2.) Fraud Detection: Compliance and E-Discovery
Whether DSGVO (GDPR), Basel III or FCPA – companies must meet a wide range of compliance requirements and guidelines on data protection and data security – otherwise they face severe penalties. Here too, Legal Tech software can help to identify relevant content in contracts or documents and uncover possible weak points. The IntraFind DSGVO Monitor helps, for example, to search through e-mail, ERP, CRM or file systems for personal data, so that compliance officers, data protection officers and the associated IT service units can trace and delete them more quickly and specifically – and also respond promptly in the event of a DSGVO request for information within the four-week period.
E-discovery is about securing electronic evidence in cases of fraud or violations of the law so that it can be used in court later on. For example, corporate counsel may have to check thousands of outboxes and e-mails sent for irregularities or suspicious information. The software is able to cognitively search large amounts of e-mails of a company for certain keywords and concepts and to mark the relevant places. This gives the investigator an overview of where, for example, sensitive data has left a company, what is only possible with intelligent AI methods and goes far beyond classic word recognition in conventional systems.
Lawyers must not only work with large quantities of contracts, but also know as soon as there is a change in the law. As a rule, newsletters from legal publications and certain online portals provide information on such updates. To be informed in real time and independently of newsletter editorships, software like the Change Analyzer helps. The Change Analyzer crawls external data sources such as certain websites and searches them for changes. As soon as a law or regulation has changed, the lawyer is informed.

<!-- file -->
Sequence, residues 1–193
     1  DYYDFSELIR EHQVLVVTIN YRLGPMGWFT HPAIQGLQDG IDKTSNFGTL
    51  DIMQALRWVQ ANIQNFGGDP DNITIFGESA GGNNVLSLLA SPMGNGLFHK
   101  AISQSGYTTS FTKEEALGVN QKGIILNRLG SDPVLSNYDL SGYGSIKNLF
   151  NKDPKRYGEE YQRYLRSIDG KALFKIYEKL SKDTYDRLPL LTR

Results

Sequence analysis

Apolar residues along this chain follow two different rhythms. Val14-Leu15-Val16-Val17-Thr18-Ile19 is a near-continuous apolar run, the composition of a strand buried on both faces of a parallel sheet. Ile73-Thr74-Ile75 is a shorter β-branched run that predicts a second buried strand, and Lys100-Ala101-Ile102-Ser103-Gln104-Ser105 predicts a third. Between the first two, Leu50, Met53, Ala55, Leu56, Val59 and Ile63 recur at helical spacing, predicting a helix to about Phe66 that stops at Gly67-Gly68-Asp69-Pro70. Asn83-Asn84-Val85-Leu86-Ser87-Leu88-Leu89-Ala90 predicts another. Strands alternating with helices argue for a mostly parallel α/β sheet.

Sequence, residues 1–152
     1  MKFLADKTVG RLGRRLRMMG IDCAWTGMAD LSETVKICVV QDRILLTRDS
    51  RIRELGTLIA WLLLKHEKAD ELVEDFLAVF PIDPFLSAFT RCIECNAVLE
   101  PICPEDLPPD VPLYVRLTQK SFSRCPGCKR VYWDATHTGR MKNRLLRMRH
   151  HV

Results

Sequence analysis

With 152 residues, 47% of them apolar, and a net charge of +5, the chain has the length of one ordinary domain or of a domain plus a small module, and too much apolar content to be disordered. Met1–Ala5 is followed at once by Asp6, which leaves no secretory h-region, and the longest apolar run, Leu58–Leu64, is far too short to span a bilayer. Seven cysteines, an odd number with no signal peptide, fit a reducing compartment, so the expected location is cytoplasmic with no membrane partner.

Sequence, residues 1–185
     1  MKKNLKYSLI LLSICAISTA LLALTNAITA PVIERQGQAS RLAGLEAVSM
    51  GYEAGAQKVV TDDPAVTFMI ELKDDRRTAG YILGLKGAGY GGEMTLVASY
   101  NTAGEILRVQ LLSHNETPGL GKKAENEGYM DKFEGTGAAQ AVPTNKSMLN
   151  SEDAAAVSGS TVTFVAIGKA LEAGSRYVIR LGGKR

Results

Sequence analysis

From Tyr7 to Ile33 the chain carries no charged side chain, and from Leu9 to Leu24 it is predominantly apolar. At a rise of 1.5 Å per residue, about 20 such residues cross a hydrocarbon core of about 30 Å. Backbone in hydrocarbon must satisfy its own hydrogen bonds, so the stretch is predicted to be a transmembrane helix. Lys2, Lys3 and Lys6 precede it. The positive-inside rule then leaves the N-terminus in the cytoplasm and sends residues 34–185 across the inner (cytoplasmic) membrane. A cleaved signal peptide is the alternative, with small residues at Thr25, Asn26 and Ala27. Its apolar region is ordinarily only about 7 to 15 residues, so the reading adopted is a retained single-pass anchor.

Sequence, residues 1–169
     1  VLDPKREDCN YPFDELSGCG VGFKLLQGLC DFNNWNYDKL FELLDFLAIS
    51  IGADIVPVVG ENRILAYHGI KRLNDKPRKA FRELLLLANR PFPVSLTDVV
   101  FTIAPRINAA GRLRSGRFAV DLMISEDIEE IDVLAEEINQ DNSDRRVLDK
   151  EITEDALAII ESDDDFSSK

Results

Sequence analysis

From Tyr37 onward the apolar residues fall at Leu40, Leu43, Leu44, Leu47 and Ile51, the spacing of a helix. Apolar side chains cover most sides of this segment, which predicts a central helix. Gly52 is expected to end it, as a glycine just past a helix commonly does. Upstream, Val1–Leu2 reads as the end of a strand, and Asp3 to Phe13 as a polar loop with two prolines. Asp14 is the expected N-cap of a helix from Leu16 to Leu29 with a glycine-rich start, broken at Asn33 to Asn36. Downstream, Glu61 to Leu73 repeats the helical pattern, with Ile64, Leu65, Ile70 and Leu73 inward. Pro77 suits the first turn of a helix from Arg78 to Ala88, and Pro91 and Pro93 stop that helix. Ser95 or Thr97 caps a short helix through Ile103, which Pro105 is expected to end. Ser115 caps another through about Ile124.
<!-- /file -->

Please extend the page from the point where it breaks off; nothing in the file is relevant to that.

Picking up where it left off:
Conclusion: Legal Tech permeates legal departments
“The machine will replace man – there will be nothing left of many law firms.” The future will not be as gloomy. Despite technological progress, the legal profession will not die out. The extent to which digitisation has affected the legal sector is particularly evident in legal advice: If calculations for family and inheritance law can now be easily carried out using special online tools and online portals provide the necessary text modules for drawing up leases and wills.
Computer programs support the creation of contracts and also the research of information. Artificial intelligence and machine learning procedures help to classify and structure a large number of contracts and extract the relevant clauses. However, Legal Tech cannot and will never replace either legal advice or the legal profession per se. Digitisation relieves lawyers and specialist lawyers of standard tasks, such as reading long contracts, minimises risks arising from human error and ensures that relevant clauses are no longer overlooked. This benefits both the lawyers and the clients.